This refers to every day cleaning or every time you use the coffee maker.
- Wash the carafe and the coffee filter after every use.
- Always follow manufacturers’ instruction whether parts are dishwasher safe or hand wash only.
- Always check parts of your coffee maker.
- If you keep coffee maker inside a cupboard, always make sure that all parts are dry to avoid any mold and mildew build up
This refers to a scheduled procedure when the coffee maker undergoes a complete cleaning.
Use Baking Soda – You can also use baking soda when cleaning your coffee maker although you do have to be careful using this method.
The process is similar to using vinegar. Mix baking soda with lukewarm water. Always use lukewarm water to completely dissolve the baking soda. Pour the baking soda solution inside the water chamber. Press the brew button and run a full brewing cycle. Throw away the water. To wash the coffee maker, fill the water chamber with full brewing cycle. Run a full brew. Watch if the water is clear or not. Often, it will take two full brewing cycle to completely wash off the baking soda solution.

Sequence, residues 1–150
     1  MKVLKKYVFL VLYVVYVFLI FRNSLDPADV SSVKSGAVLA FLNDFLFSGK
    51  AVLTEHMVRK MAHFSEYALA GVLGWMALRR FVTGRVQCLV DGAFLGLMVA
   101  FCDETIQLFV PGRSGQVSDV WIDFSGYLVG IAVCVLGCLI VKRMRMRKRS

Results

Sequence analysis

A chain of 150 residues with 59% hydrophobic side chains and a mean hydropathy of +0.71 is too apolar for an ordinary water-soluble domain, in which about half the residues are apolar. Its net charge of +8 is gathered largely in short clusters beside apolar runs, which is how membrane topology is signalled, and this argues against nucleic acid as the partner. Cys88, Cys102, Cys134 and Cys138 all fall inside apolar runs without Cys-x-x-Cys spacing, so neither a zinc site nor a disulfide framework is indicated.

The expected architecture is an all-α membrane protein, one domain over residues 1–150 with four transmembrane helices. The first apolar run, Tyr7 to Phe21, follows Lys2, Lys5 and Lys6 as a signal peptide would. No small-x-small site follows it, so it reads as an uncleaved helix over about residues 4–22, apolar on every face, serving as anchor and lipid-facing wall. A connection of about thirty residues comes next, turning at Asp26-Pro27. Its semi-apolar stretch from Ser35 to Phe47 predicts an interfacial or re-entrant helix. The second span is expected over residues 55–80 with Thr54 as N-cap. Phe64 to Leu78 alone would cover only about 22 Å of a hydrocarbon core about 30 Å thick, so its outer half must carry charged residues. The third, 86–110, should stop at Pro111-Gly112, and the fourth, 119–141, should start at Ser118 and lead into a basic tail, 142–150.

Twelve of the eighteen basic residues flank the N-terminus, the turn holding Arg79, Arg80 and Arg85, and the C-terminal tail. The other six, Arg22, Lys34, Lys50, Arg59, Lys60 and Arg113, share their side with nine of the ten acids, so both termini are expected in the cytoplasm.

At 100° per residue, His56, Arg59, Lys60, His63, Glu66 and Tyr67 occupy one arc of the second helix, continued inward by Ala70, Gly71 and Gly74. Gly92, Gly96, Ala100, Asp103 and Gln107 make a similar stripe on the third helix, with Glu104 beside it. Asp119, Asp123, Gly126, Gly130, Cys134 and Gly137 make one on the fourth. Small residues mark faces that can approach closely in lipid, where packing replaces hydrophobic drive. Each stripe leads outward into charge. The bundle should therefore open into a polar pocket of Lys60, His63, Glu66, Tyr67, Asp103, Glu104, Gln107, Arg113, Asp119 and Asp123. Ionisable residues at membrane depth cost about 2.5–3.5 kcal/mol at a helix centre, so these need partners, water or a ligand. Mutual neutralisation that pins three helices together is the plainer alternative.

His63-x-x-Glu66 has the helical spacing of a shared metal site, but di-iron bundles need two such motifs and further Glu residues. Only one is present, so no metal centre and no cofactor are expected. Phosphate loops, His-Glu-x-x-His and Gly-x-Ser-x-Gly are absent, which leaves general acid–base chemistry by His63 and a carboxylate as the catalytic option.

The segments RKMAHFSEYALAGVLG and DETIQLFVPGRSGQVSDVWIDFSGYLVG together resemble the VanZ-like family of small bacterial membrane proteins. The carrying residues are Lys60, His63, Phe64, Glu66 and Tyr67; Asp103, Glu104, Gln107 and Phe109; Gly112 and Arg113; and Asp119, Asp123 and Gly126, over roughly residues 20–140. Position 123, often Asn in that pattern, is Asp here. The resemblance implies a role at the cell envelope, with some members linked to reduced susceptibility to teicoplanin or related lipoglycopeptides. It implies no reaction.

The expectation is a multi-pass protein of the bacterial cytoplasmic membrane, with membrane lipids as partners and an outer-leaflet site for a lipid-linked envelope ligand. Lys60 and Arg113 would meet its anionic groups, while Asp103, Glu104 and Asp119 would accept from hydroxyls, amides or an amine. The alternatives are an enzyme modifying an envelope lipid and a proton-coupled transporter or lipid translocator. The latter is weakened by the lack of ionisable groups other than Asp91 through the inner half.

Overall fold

Use Vinegar and Salt – Mix water, vinegar and add some salt. Salt is a natural antibacterial. By adding salt, it will help you disinfect the coffee maker especially if mold and mildew had grown in the tube the carries the water from the chamber to the filter.
Denture Tablets – Many coffee maker owners agree that denture tablets are great cleaners. It helps remove calcified content and freshens up the coffee maker to deliver great tasting coffee, like a new coffee maker.
Fill the carafe with water. Dissolve 1 or 2 denture tablets. You can use even generic denture tablets. Pour the denture tablet solution in the water chamber. Run a full brewing cycle. Discard the used water. Fill the water chamber again and run a full brewing cycle to wash off any remaining solution. Unlike vinegar and baking soda, you only need one full brewing cycle wash to clean up the coffee maker.
How to Take Good Care of Your Coffee Maker
Cleaning your coffee maker regular will prolong its quality. Here are three simple reminders to keep your coffee maker in tiptop shape.